Guppies' body size is positively correlated with age, and their size at maturation varies highly depending on the predation risk of their habitats. Male and female guppies from high-predation regions mature faster and start reproducing earlier, and they devote more resources to reproduction than those from low-predation regions. Females from high-predation regions reproduce more frequently and produce more offspring per litter, indicating that they are more fecund than low-predation females. Female guppies' reproductive success is also related to age. Older females produce offspring with reduced size and at increased interbrood intervals.

Ecology and behavior

Guppy breeds
Guppy breeds


Wild guppies feed on algal remains, diatoms, invertebrates, plant fragments, mineral particles, aquatic insect larvae, and other sources. Algal remains constitute the biggest proportion of wild guppy diet in most cases, but diets vary depending on the specific conditions of food availability in the habitat. For example, a study on wild Trinidad guppies showed that guppies collected from an oligotrophic upstream region (upper Aripo River) mainly consumed invertebrates, while guppies from an eutrophic downstream region (lower Tacarigua River) consumed mostly diatoms and mineral particles. Algae are less nutritious than invertebrates, and the guppies that feed mainly on algae have poor diets.

Guppies' diet preference is not simply correlated to the abundance of a particular food. Laboratory experiments confirmed that guppies show 'diet switching' behavior, in which they feed disproportionately on the more abundant food when they are offered two food choices. The result shows that different groups of guppies have weak and variable food preference. Diet preference in guppies could be related to factors such as the presence of competitors. For example, the lower Tacarigua River has a larger variety of species and competition for invertebrate prey is higher, therefore the proportion of invertebrates is small in diets of those guppies.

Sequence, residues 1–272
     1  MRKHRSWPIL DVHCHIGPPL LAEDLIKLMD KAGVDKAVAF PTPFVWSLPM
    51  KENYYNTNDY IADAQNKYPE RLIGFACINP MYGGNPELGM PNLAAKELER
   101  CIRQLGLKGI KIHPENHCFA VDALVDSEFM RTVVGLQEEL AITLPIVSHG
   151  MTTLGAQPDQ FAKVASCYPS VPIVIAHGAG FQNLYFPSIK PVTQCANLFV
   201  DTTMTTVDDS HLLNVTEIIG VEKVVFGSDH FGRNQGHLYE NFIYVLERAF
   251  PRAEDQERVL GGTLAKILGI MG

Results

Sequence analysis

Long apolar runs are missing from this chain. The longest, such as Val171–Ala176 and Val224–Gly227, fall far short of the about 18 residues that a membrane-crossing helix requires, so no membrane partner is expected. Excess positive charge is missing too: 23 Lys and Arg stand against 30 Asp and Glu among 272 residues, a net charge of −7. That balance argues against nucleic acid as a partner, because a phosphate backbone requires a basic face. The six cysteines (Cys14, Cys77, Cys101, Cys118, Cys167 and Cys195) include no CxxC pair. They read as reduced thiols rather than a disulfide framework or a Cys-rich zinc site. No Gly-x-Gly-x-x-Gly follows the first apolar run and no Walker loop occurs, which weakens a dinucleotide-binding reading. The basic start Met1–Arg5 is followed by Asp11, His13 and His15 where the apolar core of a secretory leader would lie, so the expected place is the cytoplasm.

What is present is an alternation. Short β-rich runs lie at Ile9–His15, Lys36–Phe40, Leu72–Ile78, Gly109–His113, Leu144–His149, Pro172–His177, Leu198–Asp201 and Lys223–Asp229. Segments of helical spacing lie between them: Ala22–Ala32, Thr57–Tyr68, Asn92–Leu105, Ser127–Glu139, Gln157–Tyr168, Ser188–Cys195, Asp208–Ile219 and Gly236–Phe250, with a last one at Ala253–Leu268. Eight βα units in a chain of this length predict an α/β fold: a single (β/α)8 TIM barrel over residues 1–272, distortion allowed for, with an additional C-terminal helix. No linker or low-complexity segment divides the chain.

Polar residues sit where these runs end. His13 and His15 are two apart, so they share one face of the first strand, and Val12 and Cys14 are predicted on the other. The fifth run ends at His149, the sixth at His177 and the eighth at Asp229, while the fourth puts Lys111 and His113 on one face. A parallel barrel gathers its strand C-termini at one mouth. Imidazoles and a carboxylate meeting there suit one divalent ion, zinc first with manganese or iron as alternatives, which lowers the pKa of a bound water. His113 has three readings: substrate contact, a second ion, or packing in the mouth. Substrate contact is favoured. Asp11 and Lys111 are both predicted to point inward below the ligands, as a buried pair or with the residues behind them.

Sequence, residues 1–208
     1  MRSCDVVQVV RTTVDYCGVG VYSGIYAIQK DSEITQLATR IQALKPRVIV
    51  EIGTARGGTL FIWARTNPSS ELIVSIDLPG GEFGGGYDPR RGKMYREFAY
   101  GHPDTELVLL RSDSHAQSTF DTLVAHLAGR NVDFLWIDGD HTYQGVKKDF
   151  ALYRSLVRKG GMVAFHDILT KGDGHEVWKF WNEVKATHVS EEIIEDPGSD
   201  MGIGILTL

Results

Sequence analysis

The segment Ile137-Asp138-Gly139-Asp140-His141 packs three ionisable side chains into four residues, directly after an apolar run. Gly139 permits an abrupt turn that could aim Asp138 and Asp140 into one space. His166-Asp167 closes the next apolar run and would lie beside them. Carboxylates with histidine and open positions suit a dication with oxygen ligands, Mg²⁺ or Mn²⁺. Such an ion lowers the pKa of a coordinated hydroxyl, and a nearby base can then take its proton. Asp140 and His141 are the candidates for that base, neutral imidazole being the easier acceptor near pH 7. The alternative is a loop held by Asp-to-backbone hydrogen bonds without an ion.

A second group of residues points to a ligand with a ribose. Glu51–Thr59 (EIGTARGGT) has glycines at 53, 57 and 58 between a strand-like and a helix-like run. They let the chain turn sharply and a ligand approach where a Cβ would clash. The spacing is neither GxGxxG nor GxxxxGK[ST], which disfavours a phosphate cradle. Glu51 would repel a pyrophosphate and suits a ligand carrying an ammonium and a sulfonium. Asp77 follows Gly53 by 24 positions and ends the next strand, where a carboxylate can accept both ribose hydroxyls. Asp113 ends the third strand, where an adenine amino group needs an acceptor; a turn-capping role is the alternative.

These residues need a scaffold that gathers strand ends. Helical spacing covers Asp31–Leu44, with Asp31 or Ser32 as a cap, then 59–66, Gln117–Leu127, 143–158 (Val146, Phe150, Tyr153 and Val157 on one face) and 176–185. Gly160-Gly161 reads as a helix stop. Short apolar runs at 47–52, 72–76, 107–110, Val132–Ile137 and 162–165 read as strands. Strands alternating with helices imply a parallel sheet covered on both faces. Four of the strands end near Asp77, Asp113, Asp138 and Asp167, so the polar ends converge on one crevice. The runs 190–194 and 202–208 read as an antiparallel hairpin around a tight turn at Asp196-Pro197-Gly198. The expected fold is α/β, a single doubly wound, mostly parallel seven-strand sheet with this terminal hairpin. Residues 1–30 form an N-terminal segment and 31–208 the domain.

Guppies often forage in groups because they can find food more easily. Shoaling guppies spend less time and energy on antipredatory behavior than solitary ones and spend more time on feeding. However, such behavior results in food that is found being shared with other members of the group. Studies also show when an evolutionary cost exists, guppies that tend to shoal are less aggressive and less competitive with regards to scarce resources. Therefore, shoaling is preferred in high-predation regions, but not in low-predation regions. When guppies with a high tendency to shoal were isolated from high-predation regions and were relocated to predator-free environments, over time, they decreased their shoaling behavior, supporting the hypothesis that shoaling is less preferred in low-predation environments.


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A guppy fry in an aquarium at one week of age

Guppies are highly prolific livebearers. The gestation period of a guppy is typically 21–30 days, varying considerably.

In the aquarium

Guppy standards

Guppies prefer a hard water aquarium with a temperature between 25.5 and 27.8 °C (78 and 82 °F) and salt levels equivalent to one tablespoon per 19 l (5 US gal). They can withstand levels of salinity up to 150% that of normal seawater, which has led to them being occasionally included in marine tropical community tanks, as well as in freshwater tropical tanks.

Guppies are generally peaceful, though nipping behaviour is sometimes exhibited between male guppies or towards other fish with prominent fins, such as angelfish. Guppys should not be kept as a single fish in an aquarium because both males and females show signs of shoaling, and are usually found in large groups in the wild. Its most famous characteristic is its propensity for breeding, and it can breed in both freshwater and marine aquaria.